In general, it is usually not practical to mechanically attach cemented hard particle parts to steel or other metallic parts using threads, keyways, or other mechanical features because the fracture toughness of cemented carbides is low relative to steel and other metals and metal alloys. Moreover, cemented carbides, for example, are highly notch-sensitive and susceptible to premature crack formation at sharp corners. Corners are difficult to avoid including in parts when designing mechanical features such as threads and keyways on the parts. Thus, the cemented hard particle parts can prematurely fracture in the areas incorporating the mechanical features.

The technique described in U.S. Pat. No. 5,359,772 to Carlsson et al. attempts to overcome certain difficulties encountered in forming composite articles having a cemented carbide region attached to a metal region. Carlsson teaches a technique of spin-casting iron onto pre-formed cemented carbide rings. Carlsson asserts that the technique forms a “metallurgical bond” between the iron and the cemented carbide. The composition of the cast iron in Carlsson must be carefully controlled such that a portion of the austenite forms bainite in order to relieve the stresses caused by differential shrinkage between the cemented carbide and the cast iron during cooling from the casting temperature. However, this transition occurs during a heat treating step after the composite is formed, to relieve stress that already exists. Thus, the bond formed between the cast iron and the cemented carbide in the method of Carlsson can already suffer from stress damage. Further, a bonding technique as described in Carlsson has limited utility and will only potentially be effective when using spin casting and cast iron, and would not be effective with other metals or metal alloys.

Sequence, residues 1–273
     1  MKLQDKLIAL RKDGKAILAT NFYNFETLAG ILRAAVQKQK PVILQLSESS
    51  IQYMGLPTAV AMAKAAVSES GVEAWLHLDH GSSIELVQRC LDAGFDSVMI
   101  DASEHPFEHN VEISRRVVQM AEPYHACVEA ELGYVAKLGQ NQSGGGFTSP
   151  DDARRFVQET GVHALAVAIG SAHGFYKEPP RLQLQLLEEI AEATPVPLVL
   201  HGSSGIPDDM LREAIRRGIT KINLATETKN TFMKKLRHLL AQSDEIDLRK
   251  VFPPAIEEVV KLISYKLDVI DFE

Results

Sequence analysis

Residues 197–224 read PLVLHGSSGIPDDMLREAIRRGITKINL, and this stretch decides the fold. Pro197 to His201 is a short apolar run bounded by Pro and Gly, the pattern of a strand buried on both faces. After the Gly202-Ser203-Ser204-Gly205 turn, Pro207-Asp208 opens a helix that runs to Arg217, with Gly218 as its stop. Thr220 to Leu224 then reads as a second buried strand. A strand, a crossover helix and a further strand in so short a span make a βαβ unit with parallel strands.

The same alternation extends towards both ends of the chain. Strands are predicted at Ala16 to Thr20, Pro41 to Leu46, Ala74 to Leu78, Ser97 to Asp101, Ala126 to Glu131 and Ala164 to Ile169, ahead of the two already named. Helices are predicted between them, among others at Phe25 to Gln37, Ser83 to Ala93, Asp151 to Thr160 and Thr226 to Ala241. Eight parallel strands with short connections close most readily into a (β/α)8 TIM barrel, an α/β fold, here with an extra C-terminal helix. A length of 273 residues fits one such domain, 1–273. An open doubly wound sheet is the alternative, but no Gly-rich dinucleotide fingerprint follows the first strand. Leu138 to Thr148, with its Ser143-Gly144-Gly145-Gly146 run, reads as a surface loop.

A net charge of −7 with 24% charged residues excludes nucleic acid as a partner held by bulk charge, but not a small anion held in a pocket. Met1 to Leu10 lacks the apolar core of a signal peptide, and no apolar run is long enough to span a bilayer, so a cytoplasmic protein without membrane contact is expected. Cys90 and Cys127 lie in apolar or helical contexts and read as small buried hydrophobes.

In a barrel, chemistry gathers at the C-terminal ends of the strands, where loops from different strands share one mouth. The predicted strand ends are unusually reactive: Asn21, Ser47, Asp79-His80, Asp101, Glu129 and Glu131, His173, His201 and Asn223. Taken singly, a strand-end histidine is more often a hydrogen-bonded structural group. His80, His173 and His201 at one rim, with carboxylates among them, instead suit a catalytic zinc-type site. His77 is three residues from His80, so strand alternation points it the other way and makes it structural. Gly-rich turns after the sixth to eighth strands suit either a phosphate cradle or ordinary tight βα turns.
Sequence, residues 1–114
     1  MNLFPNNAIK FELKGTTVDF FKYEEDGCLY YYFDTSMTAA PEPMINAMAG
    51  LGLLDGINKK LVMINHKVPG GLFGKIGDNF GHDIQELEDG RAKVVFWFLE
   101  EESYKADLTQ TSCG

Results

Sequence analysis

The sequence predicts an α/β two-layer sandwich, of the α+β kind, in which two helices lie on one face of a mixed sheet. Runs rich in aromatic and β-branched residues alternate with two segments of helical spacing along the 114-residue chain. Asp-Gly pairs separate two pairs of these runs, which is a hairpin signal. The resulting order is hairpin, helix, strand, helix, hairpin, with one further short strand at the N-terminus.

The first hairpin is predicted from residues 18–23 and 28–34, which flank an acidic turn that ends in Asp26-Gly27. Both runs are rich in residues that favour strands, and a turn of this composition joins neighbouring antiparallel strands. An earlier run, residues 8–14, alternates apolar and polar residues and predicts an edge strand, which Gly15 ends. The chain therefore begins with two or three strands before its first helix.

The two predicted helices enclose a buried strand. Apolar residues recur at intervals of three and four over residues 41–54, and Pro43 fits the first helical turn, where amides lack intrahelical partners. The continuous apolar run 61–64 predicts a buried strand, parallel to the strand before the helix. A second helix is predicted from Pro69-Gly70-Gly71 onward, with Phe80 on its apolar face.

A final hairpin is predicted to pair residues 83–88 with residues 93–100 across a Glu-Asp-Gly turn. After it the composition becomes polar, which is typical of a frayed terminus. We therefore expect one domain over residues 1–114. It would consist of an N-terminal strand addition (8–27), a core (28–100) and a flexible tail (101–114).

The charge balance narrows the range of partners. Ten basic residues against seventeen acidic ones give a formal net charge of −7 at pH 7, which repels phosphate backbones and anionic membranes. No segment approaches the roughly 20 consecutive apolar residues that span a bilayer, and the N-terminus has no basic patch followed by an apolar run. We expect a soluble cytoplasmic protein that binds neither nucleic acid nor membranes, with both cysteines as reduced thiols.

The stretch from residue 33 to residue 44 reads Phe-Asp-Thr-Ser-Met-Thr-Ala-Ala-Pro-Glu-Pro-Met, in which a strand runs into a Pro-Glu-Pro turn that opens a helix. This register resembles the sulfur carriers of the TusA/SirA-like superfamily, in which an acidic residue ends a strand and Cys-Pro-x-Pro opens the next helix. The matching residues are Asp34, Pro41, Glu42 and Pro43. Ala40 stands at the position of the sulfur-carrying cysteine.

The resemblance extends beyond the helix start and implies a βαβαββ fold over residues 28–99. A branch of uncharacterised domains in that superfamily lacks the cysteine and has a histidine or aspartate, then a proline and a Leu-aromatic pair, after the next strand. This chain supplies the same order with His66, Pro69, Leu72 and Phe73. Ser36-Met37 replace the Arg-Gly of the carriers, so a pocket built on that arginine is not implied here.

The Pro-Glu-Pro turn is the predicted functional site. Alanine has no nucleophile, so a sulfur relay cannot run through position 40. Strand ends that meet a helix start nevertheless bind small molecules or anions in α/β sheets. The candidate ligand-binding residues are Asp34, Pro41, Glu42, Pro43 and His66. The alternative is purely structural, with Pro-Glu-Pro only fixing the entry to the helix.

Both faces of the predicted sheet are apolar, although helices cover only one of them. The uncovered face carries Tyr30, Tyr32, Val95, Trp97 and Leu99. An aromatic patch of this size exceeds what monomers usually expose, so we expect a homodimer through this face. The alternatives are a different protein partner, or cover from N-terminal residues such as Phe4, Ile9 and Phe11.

The difficulties associated with the attachment of cemented hard particle parts to parts of dissimilar materials, and particularly metallic parts, have posed substantial challenges to design engineers and have limited the applications for cemented hard particle parts. As such, there is a need for improved cemented hard particle-metallic articles and related materials, methods, and designs.